The fundamental reason why Hippocratic medicine can speak timelessly and relevantly to us today is because our embodied humanity is the same now as it was in ancient Greece. Hence, the activity of healing and caring for the sick is essentially the same; it cannot change, nor can the desire of the sick to get well. The basic understanding of our being healthy, as a natural condition of our embodied selves working-well, is also the same. Clearly human beings have not invented animal or human health. Whatever our difficulties in understanding people of other times, other languages and other cultures, "we are all products of similar natural processes and we all live out our lives under the same skies and this gives us at least enough in common to recognize each other's humanity... [I know] that honey tasted as sweet to Achilles as it does to me."13 Medicine as a dedication to healing and caring is founded upon our embodied and moral nature, that is, on our human nature.  


1 Adapted from Teresa Iglesias, The Dignity of the Individual: Issues of Bioethics and Law, Pleroma Press, Dublin, 2001, pp.20-25.

2Republic VII, 505e.

3Nichomachean Ethics, 1094a-8.

4 See (1) above, p. 226.

5 Cf. A.G. Johnson, Pathways in Medical Ethics, Edward Arnold, London, 1990, ch. 5.

6 Cf. D. B. Black, "Iconoclastic Ethics," Journal of Medical Ethics 10:179, 1984, p.82; there a "relativist" view of medical ethics is portrayed.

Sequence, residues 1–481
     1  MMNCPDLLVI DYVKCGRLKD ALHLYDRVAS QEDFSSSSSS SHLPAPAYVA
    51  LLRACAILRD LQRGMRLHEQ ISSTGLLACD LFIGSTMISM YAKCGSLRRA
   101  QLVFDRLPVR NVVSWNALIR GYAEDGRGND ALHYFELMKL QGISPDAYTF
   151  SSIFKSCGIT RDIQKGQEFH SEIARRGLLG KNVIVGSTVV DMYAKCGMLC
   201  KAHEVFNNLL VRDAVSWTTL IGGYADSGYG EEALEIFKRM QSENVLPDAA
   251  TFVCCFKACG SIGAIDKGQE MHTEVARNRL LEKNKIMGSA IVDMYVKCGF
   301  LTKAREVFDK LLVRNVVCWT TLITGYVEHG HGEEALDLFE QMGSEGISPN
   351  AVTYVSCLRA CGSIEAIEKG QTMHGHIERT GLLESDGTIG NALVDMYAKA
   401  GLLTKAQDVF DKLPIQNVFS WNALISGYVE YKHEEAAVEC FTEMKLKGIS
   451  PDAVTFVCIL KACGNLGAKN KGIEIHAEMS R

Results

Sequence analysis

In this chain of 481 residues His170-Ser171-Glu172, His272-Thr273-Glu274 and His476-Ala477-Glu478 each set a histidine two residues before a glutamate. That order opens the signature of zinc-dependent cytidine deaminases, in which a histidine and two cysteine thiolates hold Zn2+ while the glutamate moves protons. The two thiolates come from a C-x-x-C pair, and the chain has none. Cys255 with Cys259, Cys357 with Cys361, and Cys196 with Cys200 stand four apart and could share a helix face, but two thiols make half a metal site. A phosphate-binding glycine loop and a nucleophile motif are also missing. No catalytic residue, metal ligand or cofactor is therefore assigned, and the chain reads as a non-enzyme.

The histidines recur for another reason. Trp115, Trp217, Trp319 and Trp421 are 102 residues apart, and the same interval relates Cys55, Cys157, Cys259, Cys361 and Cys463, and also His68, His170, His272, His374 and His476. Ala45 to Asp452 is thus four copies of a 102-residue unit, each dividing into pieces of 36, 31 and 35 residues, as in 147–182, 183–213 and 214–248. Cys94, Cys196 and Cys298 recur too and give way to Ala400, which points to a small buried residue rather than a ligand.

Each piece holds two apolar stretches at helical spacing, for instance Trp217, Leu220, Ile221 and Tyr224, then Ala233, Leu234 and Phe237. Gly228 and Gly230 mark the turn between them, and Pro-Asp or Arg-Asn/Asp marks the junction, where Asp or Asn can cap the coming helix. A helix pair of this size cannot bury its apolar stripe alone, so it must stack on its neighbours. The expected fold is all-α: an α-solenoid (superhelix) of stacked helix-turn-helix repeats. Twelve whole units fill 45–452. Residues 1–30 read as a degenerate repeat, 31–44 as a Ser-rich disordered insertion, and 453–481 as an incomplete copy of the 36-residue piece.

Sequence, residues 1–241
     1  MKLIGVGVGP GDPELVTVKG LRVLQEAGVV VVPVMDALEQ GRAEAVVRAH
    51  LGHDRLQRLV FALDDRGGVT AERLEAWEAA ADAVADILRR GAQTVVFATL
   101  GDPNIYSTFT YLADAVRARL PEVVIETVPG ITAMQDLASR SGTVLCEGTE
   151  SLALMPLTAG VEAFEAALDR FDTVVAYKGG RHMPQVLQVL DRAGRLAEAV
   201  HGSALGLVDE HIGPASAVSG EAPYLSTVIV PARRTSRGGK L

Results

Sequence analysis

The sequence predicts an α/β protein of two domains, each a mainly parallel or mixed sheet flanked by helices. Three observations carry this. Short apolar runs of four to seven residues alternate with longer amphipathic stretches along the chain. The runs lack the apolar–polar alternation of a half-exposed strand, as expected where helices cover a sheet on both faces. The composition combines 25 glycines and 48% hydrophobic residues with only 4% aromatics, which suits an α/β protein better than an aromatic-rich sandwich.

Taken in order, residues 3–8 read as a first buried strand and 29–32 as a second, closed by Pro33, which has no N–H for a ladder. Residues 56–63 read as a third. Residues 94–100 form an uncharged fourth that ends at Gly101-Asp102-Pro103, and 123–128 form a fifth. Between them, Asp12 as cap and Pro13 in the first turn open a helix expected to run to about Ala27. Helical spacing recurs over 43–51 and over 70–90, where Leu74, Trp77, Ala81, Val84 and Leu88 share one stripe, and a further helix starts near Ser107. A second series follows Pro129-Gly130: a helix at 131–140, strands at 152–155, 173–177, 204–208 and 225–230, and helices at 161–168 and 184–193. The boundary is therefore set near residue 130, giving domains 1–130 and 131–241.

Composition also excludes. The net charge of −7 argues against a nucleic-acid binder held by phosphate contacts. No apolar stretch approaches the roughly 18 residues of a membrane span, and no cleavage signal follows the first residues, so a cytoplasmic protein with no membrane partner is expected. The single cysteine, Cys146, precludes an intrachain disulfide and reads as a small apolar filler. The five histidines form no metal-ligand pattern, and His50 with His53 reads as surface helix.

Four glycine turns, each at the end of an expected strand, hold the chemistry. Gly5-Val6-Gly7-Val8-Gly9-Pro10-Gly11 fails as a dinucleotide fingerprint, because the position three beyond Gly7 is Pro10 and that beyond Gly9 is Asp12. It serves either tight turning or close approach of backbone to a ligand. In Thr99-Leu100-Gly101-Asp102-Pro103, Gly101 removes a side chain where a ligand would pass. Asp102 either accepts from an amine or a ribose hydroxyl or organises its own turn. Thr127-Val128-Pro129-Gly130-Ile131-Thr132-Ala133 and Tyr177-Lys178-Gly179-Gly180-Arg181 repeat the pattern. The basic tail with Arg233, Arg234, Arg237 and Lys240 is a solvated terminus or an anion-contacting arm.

7 Cf. R. Gillon, also for a treatment of (5) and (6), in Philosophical Medical Ethics, Wiley, 1986.

8 An exponent of the idea that medicine serves the autonomy of the patient can be found in M. Charlesworth, Bioethics in a Liberal Society, CUP, 1993.

9 This is the main thesis defended by M. Charlesworth in (8) above.

10 In an article in The Lancet vol. 345 (June 3, 1995), p. 1423, "Cultural Lag and the Hippocratic Oath" by Eugene D. Robin and Robert F. MacCauly, in which the medico-ethical value of the Oath is dismissed, the authors explicitly state that "it is not physicians but society or women themselves" who have to decide the fundamental moral issue of abortion.

11 Cf. Leon Kass, The Hungry Soul: Eating and the Perfecting of Our Nature, The Free Press, Macmillan, New York, 1994, pp. 1-16.

12 See version of the Oath as translated by L. Edelstein, in Ancient Medicine: Selected Papers of Ludwig Edelstein, Oswei Temkin and C. Lillian Temkin (eds.), Baltimore, The Johns Hopkins Press, 1967, pp. 3-63; version adapted by L. Kass and discussed by him in (1) above, pp.224-46.

13 C. Rhodes, The Necessity for Love, Constable, London, 1972, p. 234.